Minnesota defensive force has straightened out his priorities, but he'll still be a scary sight when the Seahawks host Minnesota on Sunday.
Jared Allen showed up to work Wednesday at the Minnesota Vikings practice facility in full Halloween gear, which has become an annual tradition for one of the free spirits in the button-down NFL.
A few years ago, while with the Kansas City Chiefs, Allen donned a Speedo and goggles to represent Michael Phelps — an unsettling sight for a guy 6 feet 6, 270 pounds.
This time, Allen wore what an amused Vikings coach Leslie Frazier termed “some hippy outfit.” Allen saw it as so much more than that: “It was emo. It was very, like, modern-day hipster emo skinny jeans guy … I would have fit right in at the coffee shops in Seattle.”
Allen, now 30 and fully established as one the greatest pass-rushing defensive ends in NFL history — his 22 sacks last year were just a half-sack behind Michael Strahan’s 2001 season record — is still a wild and crazy guy.
- Seattle fifth-graders will get their camp trip, but teachers refuse to go
- Designed in Seattle, this $1 cup could save millions of babies
- Five things to watch as Seahawks begin OTAs Monday
- Ivar’s looks to sell, lease back two venerable restaurant sites
- What the national media are saying about Robinson Cano and the Mariners' hot start to the season
Most Read Stories
The only difference is now he limits his fun to such socially acceptable activities as knocking the stuffing out of opposing quarterbacks, and thrill-seeking activities like running with the bulls in Spain, boar (and bear) hunting, sky diving and zip-lining.
He’ll be attempting to partake of the former Sunday when the Vikings meet the Seahawks, who know that slowing down Allen’s pass rush is a prime focus.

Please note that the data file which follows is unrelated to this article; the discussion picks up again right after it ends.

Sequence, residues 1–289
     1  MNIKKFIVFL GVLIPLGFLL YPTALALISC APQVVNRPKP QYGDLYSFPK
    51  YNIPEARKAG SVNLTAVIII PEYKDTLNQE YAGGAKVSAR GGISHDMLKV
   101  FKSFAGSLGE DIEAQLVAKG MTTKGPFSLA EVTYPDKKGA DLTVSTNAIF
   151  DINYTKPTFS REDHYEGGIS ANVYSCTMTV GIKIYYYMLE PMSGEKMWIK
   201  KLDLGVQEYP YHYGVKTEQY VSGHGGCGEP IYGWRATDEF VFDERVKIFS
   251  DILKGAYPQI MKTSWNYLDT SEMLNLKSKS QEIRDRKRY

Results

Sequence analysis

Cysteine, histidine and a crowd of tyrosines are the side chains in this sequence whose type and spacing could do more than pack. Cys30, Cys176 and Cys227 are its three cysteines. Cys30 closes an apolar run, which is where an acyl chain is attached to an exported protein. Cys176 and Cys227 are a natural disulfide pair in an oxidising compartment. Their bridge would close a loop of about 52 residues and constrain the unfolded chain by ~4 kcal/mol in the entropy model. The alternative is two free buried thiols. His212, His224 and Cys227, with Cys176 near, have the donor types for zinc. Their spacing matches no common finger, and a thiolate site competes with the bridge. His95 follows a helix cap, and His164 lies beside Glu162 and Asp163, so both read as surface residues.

“He’s long, lanky with a knack for getting sacks,” Seahawks center Max Unger said. “You have to know where he is and what he’s doing all the time out there.”
The other stuff, well, it’s what makes life worth living for Allen. In his younger days, the carousing wasn’t nearly as harmless. He had a few brushes with the law, including two DUIs within five months in 2006 that led to a 48-hour stay in county jail in Kansas.
Earlier, Allen had been accused of taking yearbooks during his junior year at Live Oak High School in Morgan Hill, Calif. The upshot was that he was forced to transfer to Los Gatos High School for his senior year and lost most of his scholarship offers. Among the schools that backed off was Washington, his first choice.
“That’s where I wanted to go,” he said. “That’s where I verbally committed. Then a frickin’ yearbook scandal later, I’m going to Idaho State.”
It was shortly after the DUIs Allen had an epiphany, hastened by a stern lecture from his beloved grandfather, Ray Allen. According to the San Jose Mercury News, the former Marine told his grandson, “You’re screwing up the family name” and “It’s time to be a football player only. You can’t be the town drunk.”
Allen stopped drinking and says he changed his priorities. He also gives credit to former Chiefs coach Herm Edwards for aiding what Allen calls his “growing-up process.
“You can’t just think you’re in high school and college, running around doing dumb stuff, and people are going to constantly overlook it. You’re responsible for your actions.”
Getting married and having a little girl last October drove the point home further.
“As I get older, you get back to what your foundation is, and for me, it’s faith and God,” he said. “Meeting my wife and having a baby, the steps it allows you to take, and being responsible for something greater than you, it really puts perspective on life.”
Meanwhile, Allen has remained a pass-rushing force, undeterred by nearly constant double teams. Earlier this season, he was asked if opponents were blocking him differently.
“No. They’re still using human beings,” he replied.
And that’s not always sufficient. Allen has averaged 15 sacks over the past five years, and reached the halfway point of this season with seven. Seahawks coach Pete Carroll calls Allen “a war daddy,” which seems to be high praise.
“He can do it all,” Carroll said. “He does it physically, he does it with quickness, he does it with finesse. He’s a rare football player.”
Rare in his ability, and in his exuberance.
“He’s not a guy who’s going to be standing in the corner quiet,” said Frazier, who added, “I love his personality, but there are times where I do have to say, ‘Hey, Jared … ‘ “
But not nearly as often.
“I don’t know if I’m calmer,” Allen said. “I still have the ability to get vicious on somebody. But you keep it all in perspective in the realm of what’s right and what’s wrong. At the end of the day, I always look at it this way: Football is the last thing I want to be remembered for. I want to be remembered for being a great husband and a great father.”
Larry Stone: 206-464-3146 or firstname.lastname@example.org.